BAYKO - Surprising Set Contents

As with so many other things in life, BAYKO doesn't always conform to it's own rules! Detailed below are just examples - if your set discrepancy isn't listed on the site, don't panic, it may well still be a genuine BAYKO anomaly.
Inaccurate Counting
It was quite common, particularly in earlier sets, for the contents to stray from the published list. For example there are often small changes in the balance between the 'Oak' Bricks and 'Oak' Half Bricks provided in the “De-Luxe” #6 set these would cancel each other out in terms of the total area of bricks, though, as long as it's Half Bricks replacing Full bricks, building capability was largely unaffected.
Wall Capping
Wall capping
Most of the time, 3-hole Wall Capping wasn't mentioned in the contents list of sets in which they were supplied…
…however, as 3-hole and 6-hole Wall Cappings were made by the simple expedient of cutting a 9-hole Wall Capping into two pieces [with a very thin cutter - wire?]…
…simple logic, and observation, suggests numbers of the 3 and 6-hole Wall Cappings are usually the same…
…probably!
All three sizes of Wall Cappings were, I am now confident, included in the 'New Series' BAYKO set #6, despite the fact that they never appeared in the official contents list!
Mixed Production Periods
Early red & white sets in 1937 still had the earlier maroon Roofs.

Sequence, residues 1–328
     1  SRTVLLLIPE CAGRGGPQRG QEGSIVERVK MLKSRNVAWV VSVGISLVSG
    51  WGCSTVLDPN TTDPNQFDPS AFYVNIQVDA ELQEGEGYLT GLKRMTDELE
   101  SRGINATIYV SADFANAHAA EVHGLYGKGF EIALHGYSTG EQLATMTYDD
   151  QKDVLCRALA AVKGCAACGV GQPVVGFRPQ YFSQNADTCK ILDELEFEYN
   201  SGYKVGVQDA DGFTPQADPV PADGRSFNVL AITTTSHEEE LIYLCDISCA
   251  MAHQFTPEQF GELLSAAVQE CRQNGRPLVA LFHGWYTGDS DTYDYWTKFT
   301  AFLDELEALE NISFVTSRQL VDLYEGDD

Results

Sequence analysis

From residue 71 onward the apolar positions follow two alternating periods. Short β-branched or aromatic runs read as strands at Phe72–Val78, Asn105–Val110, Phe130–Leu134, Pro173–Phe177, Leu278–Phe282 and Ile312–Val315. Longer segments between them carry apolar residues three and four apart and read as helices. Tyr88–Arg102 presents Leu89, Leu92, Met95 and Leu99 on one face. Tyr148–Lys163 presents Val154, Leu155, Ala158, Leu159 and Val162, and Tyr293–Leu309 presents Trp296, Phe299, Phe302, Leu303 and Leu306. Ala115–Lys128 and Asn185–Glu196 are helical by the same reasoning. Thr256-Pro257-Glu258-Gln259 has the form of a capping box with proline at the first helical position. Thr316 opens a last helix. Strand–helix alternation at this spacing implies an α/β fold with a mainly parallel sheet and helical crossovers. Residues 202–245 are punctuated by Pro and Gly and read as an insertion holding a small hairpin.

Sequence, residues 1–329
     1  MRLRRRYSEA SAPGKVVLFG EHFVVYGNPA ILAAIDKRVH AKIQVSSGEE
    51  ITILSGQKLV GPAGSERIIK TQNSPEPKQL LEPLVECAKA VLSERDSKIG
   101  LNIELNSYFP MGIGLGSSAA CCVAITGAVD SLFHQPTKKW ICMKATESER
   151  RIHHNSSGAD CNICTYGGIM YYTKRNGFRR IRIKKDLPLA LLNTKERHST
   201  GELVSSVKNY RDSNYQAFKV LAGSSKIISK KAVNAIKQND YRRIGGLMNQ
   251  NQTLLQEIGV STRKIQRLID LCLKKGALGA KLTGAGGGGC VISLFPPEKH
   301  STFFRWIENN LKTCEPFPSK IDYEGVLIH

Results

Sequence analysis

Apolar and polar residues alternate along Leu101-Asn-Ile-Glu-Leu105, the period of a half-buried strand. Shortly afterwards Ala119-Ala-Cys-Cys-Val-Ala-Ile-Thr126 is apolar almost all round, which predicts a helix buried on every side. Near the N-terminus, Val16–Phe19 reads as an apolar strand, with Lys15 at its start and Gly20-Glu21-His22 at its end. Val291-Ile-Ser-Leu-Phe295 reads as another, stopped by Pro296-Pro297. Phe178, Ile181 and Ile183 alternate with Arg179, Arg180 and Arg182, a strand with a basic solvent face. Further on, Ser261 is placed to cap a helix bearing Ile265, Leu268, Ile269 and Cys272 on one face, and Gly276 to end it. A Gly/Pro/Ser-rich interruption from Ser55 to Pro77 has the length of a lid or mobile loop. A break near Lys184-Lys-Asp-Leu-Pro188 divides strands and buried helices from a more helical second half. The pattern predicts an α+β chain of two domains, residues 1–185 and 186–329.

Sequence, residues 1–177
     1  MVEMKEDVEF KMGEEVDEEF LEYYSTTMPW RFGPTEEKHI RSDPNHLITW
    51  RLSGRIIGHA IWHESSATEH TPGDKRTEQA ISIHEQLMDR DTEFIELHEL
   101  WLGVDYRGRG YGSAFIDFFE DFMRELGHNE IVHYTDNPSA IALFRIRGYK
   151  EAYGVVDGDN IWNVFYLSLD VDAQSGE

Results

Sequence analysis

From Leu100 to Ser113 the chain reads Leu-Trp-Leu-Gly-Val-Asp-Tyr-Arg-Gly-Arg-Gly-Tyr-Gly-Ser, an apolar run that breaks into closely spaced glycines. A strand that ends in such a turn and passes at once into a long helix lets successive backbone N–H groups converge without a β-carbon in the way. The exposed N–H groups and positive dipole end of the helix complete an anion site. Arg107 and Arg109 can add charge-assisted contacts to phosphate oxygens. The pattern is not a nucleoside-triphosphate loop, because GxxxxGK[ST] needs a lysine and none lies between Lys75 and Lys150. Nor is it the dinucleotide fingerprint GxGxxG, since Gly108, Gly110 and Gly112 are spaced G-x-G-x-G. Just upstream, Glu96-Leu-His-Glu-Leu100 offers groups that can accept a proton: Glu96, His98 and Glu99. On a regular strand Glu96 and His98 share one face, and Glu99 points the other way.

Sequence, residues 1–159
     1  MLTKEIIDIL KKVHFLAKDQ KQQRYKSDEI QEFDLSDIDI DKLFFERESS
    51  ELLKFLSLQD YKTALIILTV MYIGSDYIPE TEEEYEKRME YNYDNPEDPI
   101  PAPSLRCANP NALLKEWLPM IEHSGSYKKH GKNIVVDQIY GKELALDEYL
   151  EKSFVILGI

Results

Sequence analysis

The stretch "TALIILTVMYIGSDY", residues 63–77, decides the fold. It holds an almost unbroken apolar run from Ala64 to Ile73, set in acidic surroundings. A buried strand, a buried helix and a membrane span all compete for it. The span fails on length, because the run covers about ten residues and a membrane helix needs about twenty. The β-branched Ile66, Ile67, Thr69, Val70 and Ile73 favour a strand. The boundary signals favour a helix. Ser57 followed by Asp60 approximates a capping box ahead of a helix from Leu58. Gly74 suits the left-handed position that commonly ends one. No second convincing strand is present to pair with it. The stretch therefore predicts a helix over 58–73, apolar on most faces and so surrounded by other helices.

Pre-war set 3, showing the brighter red bricks and green door which the toy retailer added to make the set complete
This particular example could have been as a result of an operational decision to use up old materials or because of early teething problems with the new mix.
However, pre-war, and immediately post-war, there was a thriving second-hand toy trade in the U.K. and BAYKO sets were very much part of this…
retailers would replace missing parts to sell full sets
…and, given the shortages, this often meant including parts from different production periods [possibly different colours and mouldings] to [superficially] make good.
I've spoken to people who had such 'make-do-and-mend' sets as presents when they were children…
…the set [right] is a classic example, with the later 'top up', bright red bricks and light green Door clearly visible…
..this information came direct from the 'octogenarian child', for whom it was bought in 1942!
We also have to be careful not to rule out the fact that little Johnnie, or Jeanie, may have bought extras, even with the relatively restricted pocket money of the time, and simply kept them in the set box!
 
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Latest update - January 30, 2019
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